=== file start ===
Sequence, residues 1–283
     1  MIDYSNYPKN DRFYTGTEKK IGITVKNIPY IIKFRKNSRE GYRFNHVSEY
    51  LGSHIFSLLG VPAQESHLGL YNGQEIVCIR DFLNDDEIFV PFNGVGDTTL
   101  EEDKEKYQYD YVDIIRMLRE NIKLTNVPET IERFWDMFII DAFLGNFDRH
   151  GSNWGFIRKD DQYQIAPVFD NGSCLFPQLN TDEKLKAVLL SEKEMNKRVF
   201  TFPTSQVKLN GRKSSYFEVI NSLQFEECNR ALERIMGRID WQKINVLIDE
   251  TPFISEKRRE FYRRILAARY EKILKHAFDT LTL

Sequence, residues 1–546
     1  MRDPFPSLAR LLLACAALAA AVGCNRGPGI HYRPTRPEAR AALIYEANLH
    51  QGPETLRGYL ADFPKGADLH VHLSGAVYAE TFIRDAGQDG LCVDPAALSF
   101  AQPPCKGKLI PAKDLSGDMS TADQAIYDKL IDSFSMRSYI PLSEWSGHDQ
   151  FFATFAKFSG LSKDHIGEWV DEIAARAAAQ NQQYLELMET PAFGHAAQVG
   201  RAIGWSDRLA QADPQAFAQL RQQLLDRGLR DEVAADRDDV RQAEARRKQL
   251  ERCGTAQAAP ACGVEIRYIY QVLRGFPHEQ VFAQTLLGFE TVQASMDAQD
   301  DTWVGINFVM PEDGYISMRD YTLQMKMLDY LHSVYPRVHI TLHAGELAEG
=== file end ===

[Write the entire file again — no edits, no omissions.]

Sequence, residues 1–283
     1  MIDYSNYPKN DRFYTGTEKK IGITVKNIPY IIKFRKNSRE GYRFNHVSEY
    51  LGSHIFSLLG VPAQESHLGL YNGQEIVCIR DFLNDDEIFV PFNGVGDTTL
   101  EEDKEKYQYD YVDIIRMLRE NIKLTNVPET IERFWDMFII DAFLGNFDRH
   151  GSNWGFIRKD DQYQIAPVFD NGSCLFPQLN TDEKLKAVLL SEKEMNKRVF
   201  TFPTSQVKLN GRKSSYFEVI NSLQFEECNR ALERIMGRID WQKINVLIDE
   251  TPFISEKRRE FYRRILAARY EKILKHAFDT LTL

Sequence, residues 1–546
     1  MRDPFPSLAR LLLACAALAA AVGCNRGPGI HYRPTRPEAR AALIYEANLH
    51  QGPETLRGYL ADFPKGADLH VHLSGAVYAE TFIRDAGQDG LCVDPAALSF
   101  AQPPCKGKLI PAKDLSGDMS TADQAIYDKL IDSFSMRSYI PLSEWSGHDQ
   151  FFATFAKFSG LSKDHIGEWV DEIAARAAAQ NQQYLELMET PAFGHAAQVG
   201  RAIGWSDRLA QADPQAFAQL RQQLLDRGLR DEVAADRDDV RQAEARRKQL
   251  ERCGTAQAAP ACGVEIRYIY QVLRGFPHEQ VFAQTLLGFE TVQASMDAQD
   301  DTWVGINFVM PEDGYISMRD YTLQMKMLDY LHSVYPRVHI TLHAGELAEG